Wednesday, July 28, 2010
It’s that special time of year in Canada - a long weekend, celebrating, in essence, that summer is only half over. And for those lucky enough to be at a lakeside cottage or resort, it can also mean watching or participating in Regattas. These are friendly, but often fierce competitions among amateurs in such traditional sports as canoeing, swimming, and sailing, and also quirkier events such as tilting - as seen in the photo above - and canoe races without paddles. Regattas can be held by just a few neighbours or run by organizations, such as the Muskoka Lakes Association (MLA), which has sponsored them annually for over a century.
The MLA Regatta was already so popular prior to World War 1 that people came from Toronto just for the day, and special steamships and overnight trains took them home again. Hundreds of boats sat at anchor or were moored many deep at the docks and islands within view of the activities. At the end of the day, various resorts held dances because even the largest of them, The Royal Muskoka Hotel, couldn’t accommodate all the revelers.
Canada’s Prime Minister, Sir Robert Borden, was holidaying at the Royal Muskoka in late July of 1914. He was to have presented the prizes at the MLA Regatta, but was suddenly summoned to Ottawa a few days before. By the end of that long weekend, Canada and the world were at war.
That’s the Regatta that I describe in my novel, The Summer Before The Storm - the last for some of my characters who go off to engage in a more deadly battle.
Thursday, July 15, 2010
“Rowena was dumbfounded by her first glimpse of Launston Mills. Then angry. For this they had travelled more than three thousand arduous miles? For this handful of log cabins and a mill that had the audacity to give themselves a name?”
That arduous journey had involved travelling 8 weeks from Ireland in the filthy, dank hold of what became a “plague ship” when cholera swept through, killing a fifth of the passengers. After quarantine on Grosse Isle, downstream from Quebec City, Rowena O’Shaughnessy and her family spent a further two months making their way by barges and oxcarts and on foot into the primitive backwoods of Upper Canada. A land of opportunity for those who had the stamina of mind, body, and spirit to survive.
Their hardships are detailed in my first novel, A Place to Call Home, which has just come back into print.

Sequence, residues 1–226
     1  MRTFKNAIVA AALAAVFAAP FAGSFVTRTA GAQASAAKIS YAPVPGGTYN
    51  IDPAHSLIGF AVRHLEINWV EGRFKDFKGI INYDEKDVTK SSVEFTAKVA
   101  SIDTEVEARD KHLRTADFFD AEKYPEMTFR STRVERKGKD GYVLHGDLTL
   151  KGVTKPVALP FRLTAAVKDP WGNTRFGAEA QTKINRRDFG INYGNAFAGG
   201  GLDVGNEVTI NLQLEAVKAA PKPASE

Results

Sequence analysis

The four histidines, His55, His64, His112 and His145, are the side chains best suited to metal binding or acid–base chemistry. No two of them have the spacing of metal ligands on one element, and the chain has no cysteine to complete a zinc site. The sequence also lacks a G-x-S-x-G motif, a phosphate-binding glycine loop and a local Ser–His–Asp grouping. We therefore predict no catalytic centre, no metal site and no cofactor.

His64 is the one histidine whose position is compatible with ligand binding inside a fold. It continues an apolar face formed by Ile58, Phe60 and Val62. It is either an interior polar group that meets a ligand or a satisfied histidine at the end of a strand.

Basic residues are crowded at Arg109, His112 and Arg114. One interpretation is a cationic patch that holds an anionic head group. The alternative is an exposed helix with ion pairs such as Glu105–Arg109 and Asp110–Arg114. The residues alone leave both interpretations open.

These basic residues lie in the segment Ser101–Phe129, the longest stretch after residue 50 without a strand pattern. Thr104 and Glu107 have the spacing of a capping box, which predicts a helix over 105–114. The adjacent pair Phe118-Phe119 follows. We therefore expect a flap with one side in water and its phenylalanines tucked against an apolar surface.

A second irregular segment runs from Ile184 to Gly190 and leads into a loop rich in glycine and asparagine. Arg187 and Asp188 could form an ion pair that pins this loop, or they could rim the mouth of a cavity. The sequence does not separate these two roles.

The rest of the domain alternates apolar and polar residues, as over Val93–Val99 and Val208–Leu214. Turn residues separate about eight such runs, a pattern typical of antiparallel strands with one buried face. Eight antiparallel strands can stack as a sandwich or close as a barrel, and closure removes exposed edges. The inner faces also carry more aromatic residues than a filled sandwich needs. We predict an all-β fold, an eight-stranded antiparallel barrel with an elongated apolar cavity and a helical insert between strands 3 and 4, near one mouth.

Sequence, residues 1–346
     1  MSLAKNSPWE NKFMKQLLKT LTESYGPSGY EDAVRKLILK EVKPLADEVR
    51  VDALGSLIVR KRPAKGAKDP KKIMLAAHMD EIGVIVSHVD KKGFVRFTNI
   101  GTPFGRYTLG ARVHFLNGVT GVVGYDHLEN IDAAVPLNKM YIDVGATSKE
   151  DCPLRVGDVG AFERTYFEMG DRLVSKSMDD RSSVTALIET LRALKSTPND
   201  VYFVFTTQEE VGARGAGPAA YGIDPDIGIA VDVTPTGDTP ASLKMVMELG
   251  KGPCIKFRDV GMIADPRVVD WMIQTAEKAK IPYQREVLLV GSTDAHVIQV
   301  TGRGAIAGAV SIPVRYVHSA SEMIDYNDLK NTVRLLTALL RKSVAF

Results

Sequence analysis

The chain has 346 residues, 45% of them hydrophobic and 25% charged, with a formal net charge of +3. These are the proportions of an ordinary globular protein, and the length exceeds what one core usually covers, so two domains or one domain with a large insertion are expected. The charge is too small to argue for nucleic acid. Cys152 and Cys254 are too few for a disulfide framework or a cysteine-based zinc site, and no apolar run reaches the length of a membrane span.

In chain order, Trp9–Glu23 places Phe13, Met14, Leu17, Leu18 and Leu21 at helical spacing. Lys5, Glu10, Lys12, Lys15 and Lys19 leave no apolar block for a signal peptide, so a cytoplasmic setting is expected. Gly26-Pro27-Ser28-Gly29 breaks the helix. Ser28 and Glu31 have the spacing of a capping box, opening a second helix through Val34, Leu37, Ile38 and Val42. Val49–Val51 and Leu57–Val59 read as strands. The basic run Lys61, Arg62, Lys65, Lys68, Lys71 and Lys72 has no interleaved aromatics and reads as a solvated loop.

Rowena’s complex relationship with the wealthy and powerful Launston family leads to tragedy, and eventually to redemption. Their lives are played out against a rich tapestry of events - devastating plagues, doomed rebellions, mob uprisings, religious conflict, and political unrest - many of which are based upon the history of my hometown of Lindsay.
This is a tale of passionate people and stormy relationships, of unrequited and illicit love, of betrayals and revenge. It is a story of courage, and the undaunted human spirit that manages to survive and surmount appalling conditions and tragedies. It is a celebration of the achievements of the remarkable pioneers who carved thriving communities out of an inhospitable wilderness.
Here’s what Writer's Digest Magazine had to say about it:
"A Place To Call Home is a gripping and fascinating saga about an Irish family's immigration to Canada and the building and founding of the [fictional] Ontario town called Launston Mills. Wills masterfully traces the development of the town, told through the eyes of Irish immigrant, Rowena, and her son, Keir. The historical facts were flawlessly researched, but rather than it reading like a series of facts, Wills peopled the book with vivid and very real characters whose experiences captivate the reader. .... An exceptionally well-told story... A Place To Call Home offers a delightful glimpse into Canada's past, told through characters who come to life and jump off the page."
Find out more about the novel, including reviews and readers' comments, on my website Mindshadows.com, where books can also be purchased online. The novel is also available as and E-book for the Kindle. Check it out here.
Monday, July 5, 2010
In my June 23rd posting we saw the sedate side of summer life in Muskoka’s Age of Elegance, but there were plenty of activities to wile away the hot days. What better than swimming with friends? Although, unlike the people in these Frank Micklethwaite photos, I’d prefer less enveloping bathing suits, especially in this current heat wave.
Rowing and canoeing were popular, even with women wearing floor-length dresses and picture hats.
Most important were the Regattas, for which you practiced all summer, hoping to add to the family showcase on the mantelpiece - trophies for sailing, rowing, and canoe races, swimming, diving, canoe jousting competitions, and so forth.
And for the wealthy and adventuresome in the 1920s and on, there were the motorboat races.
This ethos is captured in my Muskoka Novels, The Summer Before The Storm and Elusive Dawn, and continues in Book 3, which should be in print next summer.